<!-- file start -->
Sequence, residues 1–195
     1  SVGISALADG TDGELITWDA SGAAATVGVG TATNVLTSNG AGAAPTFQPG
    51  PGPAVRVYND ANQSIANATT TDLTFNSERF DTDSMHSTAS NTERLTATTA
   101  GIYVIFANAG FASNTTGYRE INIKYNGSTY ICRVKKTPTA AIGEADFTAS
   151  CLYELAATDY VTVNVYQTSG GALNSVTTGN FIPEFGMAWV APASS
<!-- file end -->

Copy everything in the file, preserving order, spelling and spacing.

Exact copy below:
Sequence, residues 1–195
     1  SVGISALADG TDGELITWDA SGAAATVGVG TATNVLTSNG AGAAPTFQPG
    51  PGPAVRVYND ANQSIANATT TDLTFNSERF DTDSMHSTAS NTERLTATTA
   101  GIYVIFANAG FASNTTGYRE INIKYNGSTY ICRVKKTPTA AIGEADFTAS
   151  CLYELAATDY VTVNVYQTSG GALNSVTTGN FIPEFGMAWV APASS